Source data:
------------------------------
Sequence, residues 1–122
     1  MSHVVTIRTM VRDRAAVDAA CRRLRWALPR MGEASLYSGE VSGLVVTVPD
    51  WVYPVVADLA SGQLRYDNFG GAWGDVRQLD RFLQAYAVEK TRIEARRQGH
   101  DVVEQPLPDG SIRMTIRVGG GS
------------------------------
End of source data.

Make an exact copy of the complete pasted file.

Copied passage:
Sequence, residues 1–122
     1  MSHVVTIRTM VRDRAAVDAA CRRLRWALPR MGEASLYSGE VSGLVVTVPD
    51  WVYPVVADLA SGQLRYDNFG GAWGDVRQLD RFLQAYAVEK TRIEARRQGH
   101  DVVEQPLPDG SIRMTIRVGG GS